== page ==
It’s Normal For Half Your Nose to Always Feel Blocked
By Chad Upton | Editor
You probably don’t think about it much, but if you did, you’d notice that it often feels like one nostril or the other is always plugged. That’s completely normal for about 70% of adults.
Assuming you’re healthy, your “plugged” nostril actually allows a tiny amount of air through and your other nostril handles the rest. After an average of 2.5 hours, the cycle will shift and use the alternate nostril as the primary source of air. The following scan shows one nasal passage mostly blocked and the other mostly open.
For a long time, Eastern medicine has had theories about the purpose of this cycle and a number of exercises that involve moving air through a specific nostril. On the other hand, Western scientists didn’t come up with a physiological purpose for this phenomena until more recently.
Research indicates that the high/low flow approach in the two nostrils optimizes your sense of smell. As you’ve probably discovered first hand, or shall we say finger, the inside of your nose is lined with mucus. This mucus continues deep inside your nasal passage and is very important; it acts as a barrier and helps protect your brain from infection. But, it also means that something you smell has to be absorbed by the mucus before you can smell it.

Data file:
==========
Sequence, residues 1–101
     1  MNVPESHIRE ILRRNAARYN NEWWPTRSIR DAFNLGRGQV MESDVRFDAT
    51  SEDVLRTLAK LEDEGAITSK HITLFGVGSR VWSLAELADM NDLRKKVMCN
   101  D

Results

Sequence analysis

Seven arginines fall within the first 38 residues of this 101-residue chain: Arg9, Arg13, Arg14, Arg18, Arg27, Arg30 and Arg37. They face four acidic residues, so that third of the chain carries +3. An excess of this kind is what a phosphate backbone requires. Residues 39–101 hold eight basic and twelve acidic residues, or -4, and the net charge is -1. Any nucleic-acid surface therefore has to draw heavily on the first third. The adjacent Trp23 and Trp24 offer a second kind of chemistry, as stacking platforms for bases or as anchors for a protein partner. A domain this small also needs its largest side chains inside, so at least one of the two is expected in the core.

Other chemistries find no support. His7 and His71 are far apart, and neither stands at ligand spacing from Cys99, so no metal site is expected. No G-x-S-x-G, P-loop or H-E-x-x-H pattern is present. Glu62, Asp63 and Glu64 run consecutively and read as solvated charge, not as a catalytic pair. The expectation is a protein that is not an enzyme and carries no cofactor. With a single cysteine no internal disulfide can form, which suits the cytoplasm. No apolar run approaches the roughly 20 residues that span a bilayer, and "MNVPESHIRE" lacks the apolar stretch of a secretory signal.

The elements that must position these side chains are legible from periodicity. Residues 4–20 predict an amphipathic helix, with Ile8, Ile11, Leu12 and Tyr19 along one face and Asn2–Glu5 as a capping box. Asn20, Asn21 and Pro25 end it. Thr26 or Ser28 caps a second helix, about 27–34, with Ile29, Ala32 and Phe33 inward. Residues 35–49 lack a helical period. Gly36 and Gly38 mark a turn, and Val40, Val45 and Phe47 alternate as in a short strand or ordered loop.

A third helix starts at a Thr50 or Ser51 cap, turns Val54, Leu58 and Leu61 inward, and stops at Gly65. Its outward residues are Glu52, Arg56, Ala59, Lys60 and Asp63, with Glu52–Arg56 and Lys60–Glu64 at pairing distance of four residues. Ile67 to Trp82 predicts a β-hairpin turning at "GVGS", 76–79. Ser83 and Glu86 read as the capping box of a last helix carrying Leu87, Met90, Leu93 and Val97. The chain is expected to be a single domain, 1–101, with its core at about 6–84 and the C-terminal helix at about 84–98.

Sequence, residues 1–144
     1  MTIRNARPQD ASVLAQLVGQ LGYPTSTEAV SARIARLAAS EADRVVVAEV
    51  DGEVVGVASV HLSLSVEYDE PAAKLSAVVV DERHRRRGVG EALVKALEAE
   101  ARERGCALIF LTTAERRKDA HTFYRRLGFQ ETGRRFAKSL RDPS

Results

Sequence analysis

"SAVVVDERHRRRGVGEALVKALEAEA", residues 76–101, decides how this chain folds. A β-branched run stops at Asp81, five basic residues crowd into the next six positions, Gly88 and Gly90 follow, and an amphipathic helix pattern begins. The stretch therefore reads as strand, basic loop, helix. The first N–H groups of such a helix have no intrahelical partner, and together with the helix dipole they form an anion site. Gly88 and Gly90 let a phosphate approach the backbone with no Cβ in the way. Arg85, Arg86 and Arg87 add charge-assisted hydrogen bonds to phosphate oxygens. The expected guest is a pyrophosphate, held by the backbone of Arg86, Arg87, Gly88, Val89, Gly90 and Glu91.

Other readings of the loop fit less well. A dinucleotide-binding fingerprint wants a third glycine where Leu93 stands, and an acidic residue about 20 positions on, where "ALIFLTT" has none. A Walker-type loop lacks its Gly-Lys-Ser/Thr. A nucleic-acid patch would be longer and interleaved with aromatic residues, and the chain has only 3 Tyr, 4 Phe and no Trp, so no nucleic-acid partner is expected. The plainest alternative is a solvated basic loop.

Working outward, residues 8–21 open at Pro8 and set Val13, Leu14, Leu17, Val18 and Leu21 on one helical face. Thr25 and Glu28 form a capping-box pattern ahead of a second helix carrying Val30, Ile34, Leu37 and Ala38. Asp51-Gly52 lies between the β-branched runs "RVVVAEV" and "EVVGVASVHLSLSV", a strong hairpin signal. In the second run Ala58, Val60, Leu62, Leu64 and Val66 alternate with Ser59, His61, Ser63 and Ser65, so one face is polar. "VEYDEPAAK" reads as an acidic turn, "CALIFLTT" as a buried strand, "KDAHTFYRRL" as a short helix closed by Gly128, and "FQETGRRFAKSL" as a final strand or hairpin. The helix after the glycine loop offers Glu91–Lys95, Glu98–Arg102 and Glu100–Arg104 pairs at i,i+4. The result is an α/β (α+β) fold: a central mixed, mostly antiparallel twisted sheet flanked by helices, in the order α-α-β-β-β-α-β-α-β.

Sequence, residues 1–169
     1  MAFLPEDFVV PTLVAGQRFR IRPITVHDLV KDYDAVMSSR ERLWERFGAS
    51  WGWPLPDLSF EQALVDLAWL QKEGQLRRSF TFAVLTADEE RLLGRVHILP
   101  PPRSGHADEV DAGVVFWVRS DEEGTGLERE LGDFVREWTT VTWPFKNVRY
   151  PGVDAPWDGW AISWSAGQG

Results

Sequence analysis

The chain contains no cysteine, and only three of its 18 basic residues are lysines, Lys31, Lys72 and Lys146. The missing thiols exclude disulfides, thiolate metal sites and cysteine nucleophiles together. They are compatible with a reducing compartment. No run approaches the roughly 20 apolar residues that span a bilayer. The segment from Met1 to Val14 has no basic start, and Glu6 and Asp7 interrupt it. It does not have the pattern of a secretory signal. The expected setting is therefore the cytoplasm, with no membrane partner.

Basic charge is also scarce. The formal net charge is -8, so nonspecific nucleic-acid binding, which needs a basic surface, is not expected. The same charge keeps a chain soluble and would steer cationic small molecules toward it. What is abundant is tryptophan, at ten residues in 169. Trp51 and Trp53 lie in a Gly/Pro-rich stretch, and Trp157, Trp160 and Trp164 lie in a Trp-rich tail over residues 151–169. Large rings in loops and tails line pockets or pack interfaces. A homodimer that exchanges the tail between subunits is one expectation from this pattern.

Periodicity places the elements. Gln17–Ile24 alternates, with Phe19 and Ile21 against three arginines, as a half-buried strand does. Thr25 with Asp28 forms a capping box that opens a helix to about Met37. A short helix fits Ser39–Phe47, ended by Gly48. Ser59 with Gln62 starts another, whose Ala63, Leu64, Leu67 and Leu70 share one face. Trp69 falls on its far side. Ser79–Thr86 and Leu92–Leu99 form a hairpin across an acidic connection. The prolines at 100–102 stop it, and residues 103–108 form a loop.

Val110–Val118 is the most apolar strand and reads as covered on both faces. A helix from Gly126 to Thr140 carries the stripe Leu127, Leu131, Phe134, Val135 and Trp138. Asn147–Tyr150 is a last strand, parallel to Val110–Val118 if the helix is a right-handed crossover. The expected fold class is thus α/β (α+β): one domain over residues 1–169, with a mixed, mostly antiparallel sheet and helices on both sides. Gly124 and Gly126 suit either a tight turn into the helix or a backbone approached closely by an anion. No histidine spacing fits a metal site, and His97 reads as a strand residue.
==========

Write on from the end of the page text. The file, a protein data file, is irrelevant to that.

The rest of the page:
This mucus absorbs different chemical compounds at different rates. Therefore, some smells are better detected when they are absorbed in more concentrated levels in the slow moving airstream of your plugged nostril while others are better smelled when absorbed in lower concentration through the fast moving airstream of the other nostril.
Humans have about 1.6 sq inches (10 cm²) of smell receptor cells in our nasal passage. By contrast, dogs have 17 times more space dedicated to these same receptors, and in greater density, which explains why their sense of smell is so much better than ours.